Advocates for New Jersey prison inmates told the ad hoc group examining sexual harassment and misogyny Thursday about “torture,” discrimination and poor living conditions faced by people incarcerated in the state, adding their voices to calls for a new public advocate to conduct independent investigations of treatment in prisons.
“I can attest that torture in New Jersey prisons and jails has escalated, sexual and racial discrimination reign, that cruelty happens with impunity and that it appears that no one is accountable,” Bonnie Kerness, coordinator of the American Friends Service Committee’s prison watch program, told the Workgroup on Harassment, Sexual Assault and Misogyny in New Jersey Politics during a virtual meeting.
The workgroup, led by Senate Majority Leader Loretta Weinberg (D-Bergen), was formed last year to examine and recommend reforms to address harassment and misogyny in politics and government. But it broadened the scope of its mission after the U.S. Department of Justice issued a scathing report last May about multiple civil rights violations at the Edna Mahan Correctional Facility for Women. It held a special hearing last summer to hear from former inmates, who told of sexual abuse and retaliation against those who complained, and Weinberg said that workgroup members “were so moved” that they are “anxious to give voice to the women behind the walls.”
Last month at Edna Mahan
Kerness told of getting letters and phone calls from prisoners and their family members about last month’s alleged assaults at Mahan that left at least two women badly injured and have led to the indictments of four prison officers to date. One inmate wrote her to describe police in riot gear handcuffing and pepper-spraying inmates, then dragging women out of their cells along the floors, as well as “the sickening sound of the beatings and screams” from those being punched by officers.
“The most recent brutality at Edna Mahan happened despite the indictments of guards for unbridled sexual abuse,” Kerness said. “This happened despite legislation passed to ensure the protection of women in the care of New Jersey’s prison system. And this happened despite the scathing 2020 report of the Department of Justice on that prison which specifically notes that the DOC’s investigatory body, called the Special Investigative Division or SID, is corrupt.”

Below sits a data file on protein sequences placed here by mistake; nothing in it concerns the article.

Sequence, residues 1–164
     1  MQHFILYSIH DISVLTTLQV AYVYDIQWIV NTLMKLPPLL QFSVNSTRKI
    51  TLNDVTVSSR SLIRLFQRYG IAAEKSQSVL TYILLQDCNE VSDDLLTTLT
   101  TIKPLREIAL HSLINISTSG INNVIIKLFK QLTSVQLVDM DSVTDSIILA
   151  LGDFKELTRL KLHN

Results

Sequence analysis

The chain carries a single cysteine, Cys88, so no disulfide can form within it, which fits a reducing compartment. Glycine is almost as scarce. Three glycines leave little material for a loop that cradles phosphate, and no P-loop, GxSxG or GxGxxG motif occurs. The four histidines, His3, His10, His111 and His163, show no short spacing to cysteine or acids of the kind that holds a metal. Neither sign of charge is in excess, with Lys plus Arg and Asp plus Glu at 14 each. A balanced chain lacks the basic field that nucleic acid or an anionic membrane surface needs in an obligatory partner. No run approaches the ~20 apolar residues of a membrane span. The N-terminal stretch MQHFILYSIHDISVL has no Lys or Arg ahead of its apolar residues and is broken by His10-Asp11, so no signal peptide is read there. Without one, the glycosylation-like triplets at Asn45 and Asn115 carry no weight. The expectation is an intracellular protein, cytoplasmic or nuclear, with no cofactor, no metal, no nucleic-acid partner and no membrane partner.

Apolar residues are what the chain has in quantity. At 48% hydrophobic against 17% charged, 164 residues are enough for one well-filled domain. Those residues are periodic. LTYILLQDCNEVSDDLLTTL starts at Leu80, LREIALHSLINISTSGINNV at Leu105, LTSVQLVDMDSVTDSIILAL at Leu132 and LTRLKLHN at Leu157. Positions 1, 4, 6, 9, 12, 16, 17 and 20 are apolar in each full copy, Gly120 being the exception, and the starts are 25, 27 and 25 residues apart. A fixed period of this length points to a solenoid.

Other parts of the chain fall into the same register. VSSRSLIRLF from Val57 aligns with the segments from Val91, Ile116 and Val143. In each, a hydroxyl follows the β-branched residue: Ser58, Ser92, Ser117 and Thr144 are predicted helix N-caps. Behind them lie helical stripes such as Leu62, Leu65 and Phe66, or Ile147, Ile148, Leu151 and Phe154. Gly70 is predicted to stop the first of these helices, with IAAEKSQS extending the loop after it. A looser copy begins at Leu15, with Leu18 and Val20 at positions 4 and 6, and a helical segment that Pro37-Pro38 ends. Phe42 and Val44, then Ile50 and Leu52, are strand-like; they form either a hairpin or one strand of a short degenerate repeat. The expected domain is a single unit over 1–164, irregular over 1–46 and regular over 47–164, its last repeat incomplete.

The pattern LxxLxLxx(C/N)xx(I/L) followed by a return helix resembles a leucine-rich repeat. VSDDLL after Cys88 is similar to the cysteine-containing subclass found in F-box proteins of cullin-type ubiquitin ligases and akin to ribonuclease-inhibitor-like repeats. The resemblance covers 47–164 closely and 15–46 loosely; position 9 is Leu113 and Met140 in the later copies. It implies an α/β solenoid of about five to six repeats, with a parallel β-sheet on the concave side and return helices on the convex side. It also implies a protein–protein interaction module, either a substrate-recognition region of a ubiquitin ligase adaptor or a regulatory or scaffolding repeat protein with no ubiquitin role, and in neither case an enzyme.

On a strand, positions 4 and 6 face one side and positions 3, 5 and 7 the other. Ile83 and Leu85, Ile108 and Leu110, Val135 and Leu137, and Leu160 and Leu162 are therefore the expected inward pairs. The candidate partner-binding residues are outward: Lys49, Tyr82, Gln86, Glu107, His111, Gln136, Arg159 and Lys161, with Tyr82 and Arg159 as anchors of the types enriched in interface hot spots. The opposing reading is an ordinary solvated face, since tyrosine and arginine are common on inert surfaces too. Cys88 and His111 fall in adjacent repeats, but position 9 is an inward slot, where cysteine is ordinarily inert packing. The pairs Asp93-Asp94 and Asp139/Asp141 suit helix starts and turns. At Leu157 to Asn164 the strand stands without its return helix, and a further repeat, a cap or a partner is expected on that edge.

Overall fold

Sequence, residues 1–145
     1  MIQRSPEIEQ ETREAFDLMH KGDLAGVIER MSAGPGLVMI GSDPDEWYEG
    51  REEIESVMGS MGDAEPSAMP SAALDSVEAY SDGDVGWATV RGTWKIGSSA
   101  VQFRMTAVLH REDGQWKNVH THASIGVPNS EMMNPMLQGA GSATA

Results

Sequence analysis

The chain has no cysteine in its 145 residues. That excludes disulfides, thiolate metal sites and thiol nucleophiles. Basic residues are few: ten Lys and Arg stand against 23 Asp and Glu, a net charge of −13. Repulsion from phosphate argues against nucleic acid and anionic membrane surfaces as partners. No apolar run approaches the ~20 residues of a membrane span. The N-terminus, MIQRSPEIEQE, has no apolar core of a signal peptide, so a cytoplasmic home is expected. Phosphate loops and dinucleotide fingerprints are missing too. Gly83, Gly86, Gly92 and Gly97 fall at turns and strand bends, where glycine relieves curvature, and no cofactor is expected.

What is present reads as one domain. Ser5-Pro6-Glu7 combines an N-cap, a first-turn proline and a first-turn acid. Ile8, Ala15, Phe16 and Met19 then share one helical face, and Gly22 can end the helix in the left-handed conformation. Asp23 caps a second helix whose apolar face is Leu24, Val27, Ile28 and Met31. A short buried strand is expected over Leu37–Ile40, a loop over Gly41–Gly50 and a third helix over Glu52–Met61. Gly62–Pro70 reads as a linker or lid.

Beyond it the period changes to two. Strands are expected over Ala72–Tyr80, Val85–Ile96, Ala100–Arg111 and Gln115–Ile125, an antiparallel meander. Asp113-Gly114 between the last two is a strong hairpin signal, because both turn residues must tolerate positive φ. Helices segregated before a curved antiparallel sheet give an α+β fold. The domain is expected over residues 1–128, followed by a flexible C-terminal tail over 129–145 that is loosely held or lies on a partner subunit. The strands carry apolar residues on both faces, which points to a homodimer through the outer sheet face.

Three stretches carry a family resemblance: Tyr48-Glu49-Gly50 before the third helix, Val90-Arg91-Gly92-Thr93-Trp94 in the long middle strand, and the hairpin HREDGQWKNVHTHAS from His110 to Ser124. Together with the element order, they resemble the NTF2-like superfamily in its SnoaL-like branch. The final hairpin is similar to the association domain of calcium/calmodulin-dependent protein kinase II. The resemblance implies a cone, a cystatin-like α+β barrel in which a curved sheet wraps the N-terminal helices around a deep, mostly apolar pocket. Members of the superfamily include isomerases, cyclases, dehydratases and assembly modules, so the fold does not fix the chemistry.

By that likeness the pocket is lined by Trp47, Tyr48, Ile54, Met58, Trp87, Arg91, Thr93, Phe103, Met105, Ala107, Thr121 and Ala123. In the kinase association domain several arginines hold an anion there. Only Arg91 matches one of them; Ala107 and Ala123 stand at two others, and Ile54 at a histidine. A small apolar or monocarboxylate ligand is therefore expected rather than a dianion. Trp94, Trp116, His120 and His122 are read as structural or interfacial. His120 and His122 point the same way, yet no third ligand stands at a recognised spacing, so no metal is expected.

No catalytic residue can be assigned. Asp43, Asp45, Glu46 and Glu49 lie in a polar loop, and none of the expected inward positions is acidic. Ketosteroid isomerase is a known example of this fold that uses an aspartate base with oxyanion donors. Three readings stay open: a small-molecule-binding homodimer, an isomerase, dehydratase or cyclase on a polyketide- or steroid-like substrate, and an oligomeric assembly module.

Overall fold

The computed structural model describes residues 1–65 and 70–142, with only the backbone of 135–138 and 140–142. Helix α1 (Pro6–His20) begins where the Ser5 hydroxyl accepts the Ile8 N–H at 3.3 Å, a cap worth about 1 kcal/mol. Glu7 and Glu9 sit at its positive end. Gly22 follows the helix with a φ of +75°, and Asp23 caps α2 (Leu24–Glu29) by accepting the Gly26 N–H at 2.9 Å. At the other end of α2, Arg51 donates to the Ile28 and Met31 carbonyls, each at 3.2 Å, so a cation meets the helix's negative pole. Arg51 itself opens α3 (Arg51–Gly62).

Jean Ross, another advocate, spoke about conditions systemwide, describing what she said were “holes that are used as toilets in parts of New Jersey State Prison, rats, urine-soaked mattresses.”
Call for independent public advocate
Both women said a complete culture change is necessary to improve conditions in prisons and that will be difficult. In the meantime, they endorsed Weinberg’s call for an independent public advocate to receive complaints and look into allegations of abuse and other problems not only in prisons, but also in such other state facilities as veterans homes, psychiatric hospitals and developmental centers.
Weinberg said she is putting the finishing touches to the legislation, which would also establish a community board for each facility to meet periodically about issues that arise; she said she hopes to introduce the legislation at the next Senate session.
“We really think that a public advocate will answer many of those issues,” she said. “I think that’s the step forward.”